For many high school seniors across the country, fall marks the beginning of what is likely the most torturous few months of their lives, namely college application season.
Ask a teen why she volunteers, and she'll tell you things like "to make a difference in people's lives" or "to work on an issue I care about deeply." Ask that same teen about their volunteering habits (e.g., when, where, and with whom they volunteer), and a very different picture emerges. It turns out teens' primary motivation for volunteering isn't about creating social change. In fact, it's the same motivation that drives most of a teen's behavior: their friends are doing it.
There's a big presidential election just around the corner (in case you hadn't heard), but you might be surprised to learn that many teens are paying close attention to the race, as well as other elections going on in their cities and states. Even though most of them are too young to cast a vote, teens believe they can still have a say and make a difference in the outcomes of political races that will likely have a significant impact on their futures.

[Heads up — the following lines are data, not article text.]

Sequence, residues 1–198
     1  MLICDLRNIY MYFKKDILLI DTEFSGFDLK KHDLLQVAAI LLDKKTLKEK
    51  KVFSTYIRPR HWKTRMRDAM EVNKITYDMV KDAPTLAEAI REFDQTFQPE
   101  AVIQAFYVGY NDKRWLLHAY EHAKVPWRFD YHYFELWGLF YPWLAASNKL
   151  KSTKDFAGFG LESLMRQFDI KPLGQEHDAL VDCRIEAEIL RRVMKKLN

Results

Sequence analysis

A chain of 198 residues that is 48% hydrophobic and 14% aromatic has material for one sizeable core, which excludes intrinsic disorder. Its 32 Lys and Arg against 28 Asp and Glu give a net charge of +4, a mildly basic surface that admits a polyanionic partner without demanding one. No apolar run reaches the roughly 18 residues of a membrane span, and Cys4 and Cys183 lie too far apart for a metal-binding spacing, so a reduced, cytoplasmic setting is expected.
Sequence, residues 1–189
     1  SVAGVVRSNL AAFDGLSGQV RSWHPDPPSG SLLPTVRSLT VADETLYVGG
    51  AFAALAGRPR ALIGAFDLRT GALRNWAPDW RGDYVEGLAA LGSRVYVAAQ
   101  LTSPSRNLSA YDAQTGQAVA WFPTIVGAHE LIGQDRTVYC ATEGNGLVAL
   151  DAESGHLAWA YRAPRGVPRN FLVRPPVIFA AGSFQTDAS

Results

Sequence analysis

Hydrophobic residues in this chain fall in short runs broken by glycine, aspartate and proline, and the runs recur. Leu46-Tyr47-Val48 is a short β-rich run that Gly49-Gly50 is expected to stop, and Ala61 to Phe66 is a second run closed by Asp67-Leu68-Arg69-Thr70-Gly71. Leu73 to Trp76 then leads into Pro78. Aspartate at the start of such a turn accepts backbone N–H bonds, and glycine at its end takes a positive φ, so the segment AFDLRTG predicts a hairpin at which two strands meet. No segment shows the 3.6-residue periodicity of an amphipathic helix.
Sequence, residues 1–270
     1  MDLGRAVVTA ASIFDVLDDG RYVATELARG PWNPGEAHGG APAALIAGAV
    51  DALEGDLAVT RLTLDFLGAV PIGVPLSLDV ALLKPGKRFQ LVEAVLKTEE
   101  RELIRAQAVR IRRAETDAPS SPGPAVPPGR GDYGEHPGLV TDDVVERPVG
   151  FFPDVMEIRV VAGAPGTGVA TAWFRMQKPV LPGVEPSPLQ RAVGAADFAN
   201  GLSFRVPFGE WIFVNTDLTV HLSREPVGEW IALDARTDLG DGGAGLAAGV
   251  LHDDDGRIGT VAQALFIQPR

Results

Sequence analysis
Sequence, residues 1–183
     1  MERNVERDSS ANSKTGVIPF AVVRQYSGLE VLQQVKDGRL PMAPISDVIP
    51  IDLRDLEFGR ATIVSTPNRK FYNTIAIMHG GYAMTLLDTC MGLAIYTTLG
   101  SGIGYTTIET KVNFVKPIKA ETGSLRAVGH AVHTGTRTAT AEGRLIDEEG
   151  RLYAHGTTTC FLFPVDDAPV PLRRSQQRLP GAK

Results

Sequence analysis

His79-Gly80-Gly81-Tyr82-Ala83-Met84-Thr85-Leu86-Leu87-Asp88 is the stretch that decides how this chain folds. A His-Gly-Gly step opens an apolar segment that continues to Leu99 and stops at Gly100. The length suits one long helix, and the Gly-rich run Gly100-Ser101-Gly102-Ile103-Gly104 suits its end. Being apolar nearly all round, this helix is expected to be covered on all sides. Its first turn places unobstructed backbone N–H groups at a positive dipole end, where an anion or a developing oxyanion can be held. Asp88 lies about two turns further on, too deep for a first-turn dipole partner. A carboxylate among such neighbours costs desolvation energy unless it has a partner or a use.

With over 100 million users in just under two years, it's clear that Instagram is a driving force in the current social media scene, and a large part of this success comes from the app's immense popularity amongst teen users. Much like a number of other sites in the past, teens have helped pave the way for Instagram to become one of the most downloaded apps on both iOS and Android.
Design? Style? Trendiness? Not even close. As the mom of a teenager and two 20-somethings, I spend plenty of time around young people, but the answer to this question still surprised me. Teens value quality above almost anything else.